The Christmas Names of Jesus – Prince of Peace


This is the fifth article in my 2017 Christmas series, ‘The Christmas Names of Jesus‘, in which I’ll spend the last few weeks before Christmas looking at the various names for Jesus we find in the Christmas stories in Matthew and Luke, but turning back time for four weeks to the prophecy of Isaiah to look at the child who “will be named Wonderful Counsellor, Mighty God, Eternal Father, Prince of Peace.”

We come now to the last of the four Christmas names of Jesus given to Him hundreds of years before His birth through the prophet Isaiah. Jesus’ birth was promised long ago and with that promise came names that He would be born with and into – Wonderful Counsellor, Mighty God, Eternal Father, and finally, Prince of Peace.

It is this last name that solidifies the position of all four names, for surely God the Father would not be named “Prince” of Peace. J. Alec Motyer explains that “Prince corresponds to our idea of ‘administrator’.”[1] It is used primarily through the Old Testament in reference to human leaders who are commanders of the army or, in the case of the Genesis story of Joseph, of the chief jailer, cupbearer, and baker (Genesis 39:22, 40:2 – chief being the operative word).

This promised child is not simply a symbol who will point to God and His works – for God the Father cannot be the Prince, the subservient administrator. This is a role specifically moulded for His Son, Jesus Christ, who “did not come to be served, but to serve, and to give His life—a ransom for many.” (Matthew 20:28)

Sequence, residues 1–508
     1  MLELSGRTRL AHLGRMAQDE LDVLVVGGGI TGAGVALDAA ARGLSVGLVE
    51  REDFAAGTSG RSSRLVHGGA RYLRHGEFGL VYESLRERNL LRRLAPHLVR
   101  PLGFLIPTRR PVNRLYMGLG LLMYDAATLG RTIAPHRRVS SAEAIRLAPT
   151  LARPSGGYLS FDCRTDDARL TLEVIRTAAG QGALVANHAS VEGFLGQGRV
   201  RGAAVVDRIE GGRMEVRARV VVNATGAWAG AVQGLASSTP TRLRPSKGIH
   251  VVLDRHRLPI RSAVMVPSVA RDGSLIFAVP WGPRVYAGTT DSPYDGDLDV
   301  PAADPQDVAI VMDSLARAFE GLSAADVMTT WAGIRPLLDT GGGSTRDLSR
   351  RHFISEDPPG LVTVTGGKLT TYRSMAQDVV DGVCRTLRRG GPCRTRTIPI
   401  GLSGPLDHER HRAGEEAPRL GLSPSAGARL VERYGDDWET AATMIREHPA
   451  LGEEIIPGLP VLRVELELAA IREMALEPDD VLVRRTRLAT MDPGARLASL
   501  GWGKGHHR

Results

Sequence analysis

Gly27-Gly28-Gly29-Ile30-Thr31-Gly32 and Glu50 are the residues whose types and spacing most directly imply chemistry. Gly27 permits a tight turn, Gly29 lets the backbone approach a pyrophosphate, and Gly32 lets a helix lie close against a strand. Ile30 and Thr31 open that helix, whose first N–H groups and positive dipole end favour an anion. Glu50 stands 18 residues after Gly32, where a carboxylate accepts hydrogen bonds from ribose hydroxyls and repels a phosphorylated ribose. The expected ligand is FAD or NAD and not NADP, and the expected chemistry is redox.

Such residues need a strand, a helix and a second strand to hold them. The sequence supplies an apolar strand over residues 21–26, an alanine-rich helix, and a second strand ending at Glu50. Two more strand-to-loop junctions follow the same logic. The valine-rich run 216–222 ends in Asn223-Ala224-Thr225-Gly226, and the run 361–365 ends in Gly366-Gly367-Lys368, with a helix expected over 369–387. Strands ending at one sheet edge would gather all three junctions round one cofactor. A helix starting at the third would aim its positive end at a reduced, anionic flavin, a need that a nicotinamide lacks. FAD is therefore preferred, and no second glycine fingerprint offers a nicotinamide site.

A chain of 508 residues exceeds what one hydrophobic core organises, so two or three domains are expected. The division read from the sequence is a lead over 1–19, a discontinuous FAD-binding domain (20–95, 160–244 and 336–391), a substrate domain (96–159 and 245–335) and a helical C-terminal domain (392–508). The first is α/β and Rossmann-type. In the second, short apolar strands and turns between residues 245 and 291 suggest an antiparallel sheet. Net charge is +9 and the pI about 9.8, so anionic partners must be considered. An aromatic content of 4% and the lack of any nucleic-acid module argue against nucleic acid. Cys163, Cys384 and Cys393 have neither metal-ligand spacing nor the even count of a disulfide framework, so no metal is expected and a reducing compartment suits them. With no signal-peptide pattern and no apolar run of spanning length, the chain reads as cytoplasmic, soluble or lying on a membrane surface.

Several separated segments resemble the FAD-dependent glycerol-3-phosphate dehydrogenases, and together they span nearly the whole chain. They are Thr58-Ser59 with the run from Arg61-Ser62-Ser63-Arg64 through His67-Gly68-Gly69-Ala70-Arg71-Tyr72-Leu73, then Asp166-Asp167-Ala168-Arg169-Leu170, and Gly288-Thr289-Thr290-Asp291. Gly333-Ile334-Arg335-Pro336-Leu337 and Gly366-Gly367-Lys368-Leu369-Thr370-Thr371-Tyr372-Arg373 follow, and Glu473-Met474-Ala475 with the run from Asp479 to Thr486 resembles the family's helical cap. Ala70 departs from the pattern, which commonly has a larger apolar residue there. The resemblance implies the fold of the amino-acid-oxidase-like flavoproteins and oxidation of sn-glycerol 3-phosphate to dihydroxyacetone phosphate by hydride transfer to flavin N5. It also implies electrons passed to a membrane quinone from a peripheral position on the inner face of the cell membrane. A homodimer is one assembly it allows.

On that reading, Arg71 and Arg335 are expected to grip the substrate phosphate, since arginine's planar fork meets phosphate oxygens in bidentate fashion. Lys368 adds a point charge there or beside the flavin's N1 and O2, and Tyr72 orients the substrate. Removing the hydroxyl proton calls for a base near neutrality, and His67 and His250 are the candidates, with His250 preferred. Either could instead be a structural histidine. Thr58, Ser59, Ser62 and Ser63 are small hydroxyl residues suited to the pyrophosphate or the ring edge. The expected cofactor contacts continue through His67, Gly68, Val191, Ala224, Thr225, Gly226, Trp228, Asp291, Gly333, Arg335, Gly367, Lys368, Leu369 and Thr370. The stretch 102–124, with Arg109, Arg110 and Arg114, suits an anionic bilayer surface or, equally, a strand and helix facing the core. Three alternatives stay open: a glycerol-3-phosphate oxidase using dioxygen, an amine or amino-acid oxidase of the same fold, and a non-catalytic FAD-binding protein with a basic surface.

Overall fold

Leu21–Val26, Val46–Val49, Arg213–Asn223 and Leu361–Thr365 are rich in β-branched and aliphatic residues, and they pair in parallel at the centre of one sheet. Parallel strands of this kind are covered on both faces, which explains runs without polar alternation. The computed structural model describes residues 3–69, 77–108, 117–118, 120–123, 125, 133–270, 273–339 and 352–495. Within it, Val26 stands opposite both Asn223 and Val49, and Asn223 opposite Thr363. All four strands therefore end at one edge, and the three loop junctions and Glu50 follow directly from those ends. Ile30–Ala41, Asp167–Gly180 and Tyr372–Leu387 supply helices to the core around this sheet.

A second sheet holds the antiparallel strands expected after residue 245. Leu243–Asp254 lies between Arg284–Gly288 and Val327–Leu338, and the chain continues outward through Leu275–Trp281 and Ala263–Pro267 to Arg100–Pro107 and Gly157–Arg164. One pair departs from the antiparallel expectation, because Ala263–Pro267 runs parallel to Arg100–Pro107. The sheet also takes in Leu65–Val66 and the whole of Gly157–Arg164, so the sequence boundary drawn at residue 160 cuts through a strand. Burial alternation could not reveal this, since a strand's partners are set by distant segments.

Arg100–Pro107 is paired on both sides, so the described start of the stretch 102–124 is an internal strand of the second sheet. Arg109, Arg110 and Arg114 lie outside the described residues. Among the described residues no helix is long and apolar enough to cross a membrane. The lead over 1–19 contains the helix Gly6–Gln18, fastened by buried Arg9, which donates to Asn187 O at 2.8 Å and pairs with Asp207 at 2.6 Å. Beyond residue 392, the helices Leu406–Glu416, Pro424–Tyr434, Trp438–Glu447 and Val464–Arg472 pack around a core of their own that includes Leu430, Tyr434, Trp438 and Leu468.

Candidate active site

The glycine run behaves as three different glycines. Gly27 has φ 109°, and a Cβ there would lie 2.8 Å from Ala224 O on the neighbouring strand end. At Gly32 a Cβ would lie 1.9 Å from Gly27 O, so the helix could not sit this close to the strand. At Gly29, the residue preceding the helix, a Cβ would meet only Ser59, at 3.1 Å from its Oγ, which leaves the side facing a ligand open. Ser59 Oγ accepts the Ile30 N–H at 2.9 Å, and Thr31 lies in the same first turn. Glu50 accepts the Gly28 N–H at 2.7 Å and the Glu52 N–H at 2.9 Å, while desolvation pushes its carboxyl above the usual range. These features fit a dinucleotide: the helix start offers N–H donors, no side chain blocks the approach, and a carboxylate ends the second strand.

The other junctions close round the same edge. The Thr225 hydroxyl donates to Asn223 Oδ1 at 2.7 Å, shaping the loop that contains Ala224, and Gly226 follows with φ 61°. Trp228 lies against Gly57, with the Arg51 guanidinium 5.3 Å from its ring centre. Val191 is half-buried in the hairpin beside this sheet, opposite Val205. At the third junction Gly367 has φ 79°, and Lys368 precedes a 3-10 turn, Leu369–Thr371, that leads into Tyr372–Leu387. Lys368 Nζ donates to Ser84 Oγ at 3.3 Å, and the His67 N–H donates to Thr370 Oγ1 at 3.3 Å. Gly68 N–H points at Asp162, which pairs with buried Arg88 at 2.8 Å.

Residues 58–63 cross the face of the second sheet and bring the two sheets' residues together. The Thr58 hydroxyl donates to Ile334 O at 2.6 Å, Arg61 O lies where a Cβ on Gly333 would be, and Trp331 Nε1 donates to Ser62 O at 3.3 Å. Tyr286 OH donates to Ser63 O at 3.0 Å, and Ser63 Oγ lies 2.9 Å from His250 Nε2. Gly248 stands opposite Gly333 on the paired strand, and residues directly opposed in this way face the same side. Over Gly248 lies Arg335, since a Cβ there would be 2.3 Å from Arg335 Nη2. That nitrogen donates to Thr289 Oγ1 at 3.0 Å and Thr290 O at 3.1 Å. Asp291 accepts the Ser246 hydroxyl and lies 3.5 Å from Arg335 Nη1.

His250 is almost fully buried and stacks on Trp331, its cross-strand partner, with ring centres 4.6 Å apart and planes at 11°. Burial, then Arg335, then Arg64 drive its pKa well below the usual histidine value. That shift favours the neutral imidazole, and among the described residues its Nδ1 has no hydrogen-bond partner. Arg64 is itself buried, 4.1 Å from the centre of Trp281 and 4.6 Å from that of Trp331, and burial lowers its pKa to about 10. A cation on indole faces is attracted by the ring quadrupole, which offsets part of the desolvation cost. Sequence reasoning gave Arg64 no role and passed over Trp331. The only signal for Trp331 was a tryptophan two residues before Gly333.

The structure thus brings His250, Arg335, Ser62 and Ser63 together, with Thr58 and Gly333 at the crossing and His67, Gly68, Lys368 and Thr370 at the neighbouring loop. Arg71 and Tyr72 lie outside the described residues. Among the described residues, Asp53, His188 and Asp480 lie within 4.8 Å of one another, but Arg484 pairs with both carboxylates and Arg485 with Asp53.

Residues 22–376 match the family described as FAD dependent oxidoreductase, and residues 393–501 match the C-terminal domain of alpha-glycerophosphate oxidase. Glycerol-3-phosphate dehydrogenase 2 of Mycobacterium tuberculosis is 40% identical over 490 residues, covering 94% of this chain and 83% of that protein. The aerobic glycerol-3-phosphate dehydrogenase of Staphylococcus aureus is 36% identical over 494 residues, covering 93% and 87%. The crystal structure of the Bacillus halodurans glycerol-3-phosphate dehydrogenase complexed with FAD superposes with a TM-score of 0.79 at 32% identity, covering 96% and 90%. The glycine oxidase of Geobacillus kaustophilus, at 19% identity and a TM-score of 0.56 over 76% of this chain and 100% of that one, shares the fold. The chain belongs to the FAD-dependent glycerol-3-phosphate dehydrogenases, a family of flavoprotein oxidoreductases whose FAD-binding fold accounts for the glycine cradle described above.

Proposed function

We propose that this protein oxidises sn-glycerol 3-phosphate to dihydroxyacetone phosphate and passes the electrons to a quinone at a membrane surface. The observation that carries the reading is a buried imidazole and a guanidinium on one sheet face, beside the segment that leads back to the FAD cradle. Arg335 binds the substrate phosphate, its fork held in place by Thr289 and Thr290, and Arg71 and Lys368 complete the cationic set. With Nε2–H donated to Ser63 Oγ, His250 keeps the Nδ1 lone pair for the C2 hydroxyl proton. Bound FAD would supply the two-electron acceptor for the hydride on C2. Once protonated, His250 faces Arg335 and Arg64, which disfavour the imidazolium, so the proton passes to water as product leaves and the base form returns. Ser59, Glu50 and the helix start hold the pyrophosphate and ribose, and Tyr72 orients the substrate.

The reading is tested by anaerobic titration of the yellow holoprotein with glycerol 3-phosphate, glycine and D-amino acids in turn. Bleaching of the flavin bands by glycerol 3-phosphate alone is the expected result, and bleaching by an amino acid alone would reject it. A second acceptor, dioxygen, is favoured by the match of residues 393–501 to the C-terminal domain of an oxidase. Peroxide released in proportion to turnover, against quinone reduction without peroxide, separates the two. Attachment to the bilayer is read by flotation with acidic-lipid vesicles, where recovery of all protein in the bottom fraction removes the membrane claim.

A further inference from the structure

But what Peace does this Prince bring?

The word translated as “Peace” is the Hebrew word “shalom” which can be described as to be whole or complete. The word first appears in the Bible in Genesis 15 when God promises Abram that “you will go to your fathers in peace and be buried at a ripe old age” (15:15) and appears repeatedly through the Bible and refers to several different kinds of ‘peace’ – all of which are held within the word ‘shalom’.

Peace from War

It is important to look at the immediate context of the Isaiah prophecy, just as we should to seek understanding of any passage. The preceding verses describe the coming of this child amidst the work of the Lord. In verses 4 and 5 we see that the Lord has “shattered” the “oppressive yoke” that enslaved His people, Israel. He destroyed “the rod on their shoulders, the staff of their oppressor” and made it so “the trampling boot of battle and the bloodied garments of war will be burned as fuel for the fire.”

These verses are part and parcel of what the child will do and bring about when He is born. He will eventually bring a peace from war, so much so that the accoutrements of warfare – the “trampling boot of battle and the bloodied garments of war” – will no longer be needed and can instead be used “as fuel for the fire.”

Peace as Well-being

Another way in which Jesus brings ‘shalom’ is on a personal level. As God said to Abram in Genesis 15:15, and as was said again to King Josiah via the prophetess Huldah, “I will indeed gather you to your fathers, and you will be gathered to your grace in peace.” (2 Kings 22:20) Here the Lord promises a peace given through a life given over in service to God. Motyer says that, “to ‘die in peace’ is to have lived a fulfilled life, to have achieved all God planned”[2].